If the ongoing concussion controversy in the National Football League has one silver lining, it’s the increased attention paid to sports injuries at all levels of the game, from pro ball to pee-wee leagues. And as children around the United States head back to school, many of them will also head back to the locker room as well.
NFL players are likewise gearing up for another football season. In Miami, ESPN reports that the Dolphins are experimenting with a high-tech sports performance program designed to prevent sports injuries before they occur. The team now employs two sports performance specialists, a sports science analyst, and a nutritionist. Plus, they’re using futuristic software that tracks players’ health and performance, then designs individualized training programs.
The program even generates a custom-made sports drink based on your health data.
Wayne Diesel doesn’t just have the most masculine name imaginable, he’s also the Dolphin’s new director of sports performance. Previously, he worked with the the English Premier League. He says soccer clubs there wanted to prevent injuries to protect their financial investment in players. That way, when the club sells that player, they don’t lose money. And that’s how Diesel learned that focusing on sports performance could prevent many injuries from happening in the first place.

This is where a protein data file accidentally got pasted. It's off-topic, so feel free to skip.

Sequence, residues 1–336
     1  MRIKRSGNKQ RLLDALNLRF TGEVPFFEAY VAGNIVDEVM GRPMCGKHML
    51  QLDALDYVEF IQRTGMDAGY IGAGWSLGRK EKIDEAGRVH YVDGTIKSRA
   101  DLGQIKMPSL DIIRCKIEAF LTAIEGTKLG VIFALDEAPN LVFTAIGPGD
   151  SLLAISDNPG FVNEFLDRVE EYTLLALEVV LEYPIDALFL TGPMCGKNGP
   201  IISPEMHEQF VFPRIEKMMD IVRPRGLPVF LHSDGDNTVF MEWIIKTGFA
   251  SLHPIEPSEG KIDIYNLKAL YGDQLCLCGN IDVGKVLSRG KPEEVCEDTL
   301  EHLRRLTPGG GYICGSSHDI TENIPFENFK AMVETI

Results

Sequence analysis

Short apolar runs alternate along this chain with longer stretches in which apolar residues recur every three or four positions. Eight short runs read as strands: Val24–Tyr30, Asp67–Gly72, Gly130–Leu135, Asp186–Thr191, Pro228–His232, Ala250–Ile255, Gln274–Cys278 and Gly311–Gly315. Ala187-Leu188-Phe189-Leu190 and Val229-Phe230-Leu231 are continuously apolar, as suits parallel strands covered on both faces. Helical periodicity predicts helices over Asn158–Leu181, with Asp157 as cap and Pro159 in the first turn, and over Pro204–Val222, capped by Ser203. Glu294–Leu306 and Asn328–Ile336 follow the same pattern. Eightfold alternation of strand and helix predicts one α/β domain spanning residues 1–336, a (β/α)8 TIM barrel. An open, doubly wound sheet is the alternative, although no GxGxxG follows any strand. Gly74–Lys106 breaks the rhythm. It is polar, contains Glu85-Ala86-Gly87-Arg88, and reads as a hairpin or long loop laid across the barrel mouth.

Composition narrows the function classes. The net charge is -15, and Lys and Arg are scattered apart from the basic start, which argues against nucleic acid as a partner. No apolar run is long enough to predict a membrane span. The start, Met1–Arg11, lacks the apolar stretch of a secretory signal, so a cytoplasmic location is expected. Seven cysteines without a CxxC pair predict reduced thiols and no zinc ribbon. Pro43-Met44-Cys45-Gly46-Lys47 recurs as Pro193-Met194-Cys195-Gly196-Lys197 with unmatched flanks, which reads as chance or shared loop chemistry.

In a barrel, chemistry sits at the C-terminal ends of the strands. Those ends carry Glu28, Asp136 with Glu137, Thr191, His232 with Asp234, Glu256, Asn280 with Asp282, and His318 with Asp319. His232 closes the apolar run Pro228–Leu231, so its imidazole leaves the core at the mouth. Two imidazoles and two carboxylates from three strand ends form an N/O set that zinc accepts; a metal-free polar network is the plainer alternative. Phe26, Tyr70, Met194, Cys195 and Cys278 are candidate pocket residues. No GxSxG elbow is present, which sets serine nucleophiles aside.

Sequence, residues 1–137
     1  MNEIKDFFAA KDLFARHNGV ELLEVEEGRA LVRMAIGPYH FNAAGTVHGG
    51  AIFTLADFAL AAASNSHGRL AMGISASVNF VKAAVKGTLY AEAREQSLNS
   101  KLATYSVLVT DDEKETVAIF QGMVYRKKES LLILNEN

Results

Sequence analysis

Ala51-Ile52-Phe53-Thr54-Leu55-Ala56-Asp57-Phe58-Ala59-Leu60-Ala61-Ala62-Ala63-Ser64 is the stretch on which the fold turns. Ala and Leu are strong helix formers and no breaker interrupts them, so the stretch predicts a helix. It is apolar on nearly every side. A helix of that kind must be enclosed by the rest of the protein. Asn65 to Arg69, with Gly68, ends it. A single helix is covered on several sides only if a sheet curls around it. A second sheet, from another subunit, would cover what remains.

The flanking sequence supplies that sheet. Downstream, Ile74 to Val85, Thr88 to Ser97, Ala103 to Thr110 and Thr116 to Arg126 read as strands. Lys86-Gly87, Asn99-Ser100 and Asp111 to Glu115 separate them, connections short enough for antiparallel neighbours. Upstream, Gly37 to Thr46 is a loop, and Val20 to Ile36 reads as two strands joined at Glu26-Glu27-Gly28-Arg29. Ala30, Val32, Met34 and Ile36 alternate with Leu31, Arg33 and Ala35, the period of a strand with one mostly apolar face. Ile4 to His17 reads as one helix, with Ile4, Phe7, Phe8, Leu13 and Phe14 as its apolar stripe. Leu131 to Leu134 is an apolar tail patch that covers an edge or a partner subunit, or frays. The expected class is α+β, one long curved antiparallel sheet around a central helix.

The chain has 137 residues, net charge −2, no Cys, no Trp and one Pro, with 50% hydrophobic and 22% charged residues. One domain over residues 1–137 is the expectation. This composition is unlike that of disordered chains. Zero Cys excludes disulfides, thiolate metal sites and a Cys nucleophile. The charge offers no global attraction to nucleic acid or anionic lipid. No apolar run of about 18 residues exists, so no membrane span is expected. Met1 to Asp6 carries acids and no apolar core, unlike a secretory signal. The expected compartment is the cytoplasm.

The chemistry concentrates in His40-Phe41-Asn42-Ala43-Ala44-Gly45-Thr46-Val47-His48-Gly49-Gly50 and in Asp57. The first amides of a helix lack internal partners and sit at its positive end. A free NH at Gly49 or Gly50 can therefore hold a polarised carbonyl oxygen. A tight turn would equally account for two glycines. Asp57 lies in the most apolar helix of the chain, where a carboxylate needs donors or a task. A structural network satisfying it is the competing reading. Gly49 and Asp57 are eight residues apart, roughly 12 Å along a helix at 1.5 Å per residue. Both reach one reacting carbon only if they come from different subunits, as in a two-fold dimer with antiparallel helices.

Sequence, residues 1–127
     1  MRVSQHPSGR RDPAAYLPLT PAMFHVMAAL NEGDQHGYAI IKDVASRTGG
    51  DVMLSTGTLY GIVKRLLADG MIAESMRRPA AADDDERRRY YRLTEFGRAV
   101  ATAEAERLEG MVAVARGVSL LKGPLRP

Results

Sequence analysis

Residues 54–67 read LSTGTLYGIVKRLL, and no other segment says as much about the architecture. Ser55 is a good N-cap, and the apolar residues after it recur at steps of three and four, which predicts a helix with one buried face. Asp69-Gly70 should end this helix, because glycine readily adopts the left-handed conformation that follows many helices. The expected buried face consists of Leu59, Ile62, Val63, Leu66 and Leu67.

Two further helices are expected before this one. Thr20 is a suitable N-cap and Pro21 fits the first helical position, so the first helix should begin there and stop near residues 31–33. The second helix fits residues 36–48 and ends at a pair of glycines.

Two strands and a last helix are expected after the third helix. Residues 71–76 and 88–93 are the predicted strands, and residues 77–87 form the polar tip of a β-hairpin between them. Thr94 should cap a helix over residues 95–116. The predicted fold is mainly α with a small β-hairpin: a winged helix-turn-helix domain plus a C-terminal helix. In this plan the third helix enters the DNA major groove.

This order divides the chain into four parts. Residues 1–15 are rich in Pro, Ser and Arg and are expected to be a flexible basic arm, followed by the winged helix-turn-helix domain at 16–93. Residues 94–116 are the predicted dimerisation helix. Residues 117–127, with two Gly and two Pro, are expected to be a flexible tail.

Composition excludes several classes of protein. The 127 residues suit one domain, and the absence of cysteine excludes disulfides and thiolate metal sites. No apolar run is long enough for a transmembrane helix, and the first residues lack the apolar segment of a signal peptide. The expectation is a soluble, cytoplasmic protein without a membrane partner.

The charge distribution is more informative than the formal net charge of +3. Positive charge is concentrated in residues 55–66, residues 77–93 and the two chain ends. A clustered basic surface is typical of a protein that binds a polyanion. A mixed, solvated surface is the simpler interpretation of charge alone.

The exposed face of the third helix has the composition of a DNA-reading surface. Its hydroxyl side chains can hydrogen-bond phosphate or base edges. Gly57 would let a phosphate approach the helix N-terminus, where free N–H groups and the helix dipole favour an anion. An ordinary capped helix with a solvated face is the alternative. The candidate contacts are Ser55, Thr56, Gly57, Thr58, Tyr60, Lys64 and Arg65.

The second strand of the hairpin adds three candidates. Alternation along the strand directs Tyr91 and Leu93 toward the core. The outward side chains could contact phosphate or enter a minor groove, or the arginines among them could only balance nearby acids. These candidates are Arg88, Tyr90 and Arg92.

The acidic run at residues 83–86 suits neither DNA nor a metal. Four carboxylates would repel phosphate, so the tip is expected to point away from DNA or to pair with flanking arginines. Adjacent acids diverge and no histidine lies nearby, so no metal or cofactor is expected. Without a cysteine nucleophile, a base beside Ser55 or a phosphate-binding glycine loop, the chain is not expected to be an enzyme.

“We were spending less time with injured players because we had fewer injuries,” Diesel said. “Then we started looking after the fit players more, in the sense of keeping them fit, not waiting until they had an injury to treat.”
Of course, high school football teams can’t rely on resources like that to protect teen players. Every year, 12 million young people in the U.S. suffer a sports injury, which cost the country an estimated $33 billion in healthcare costs annually. The Centers for Disease Control and Prevention reports that more than 2.6 million kids and teens end up in emergency rooms because of such injuries.
The most common sports injuries include strains and sprains, heat injuries, and stress fractures. Parents who want to keep their kids safe should make sure their young athletes have regular checkups with their doctor, stay hydrated, and practice warm-ups and cool-downs before practice and games.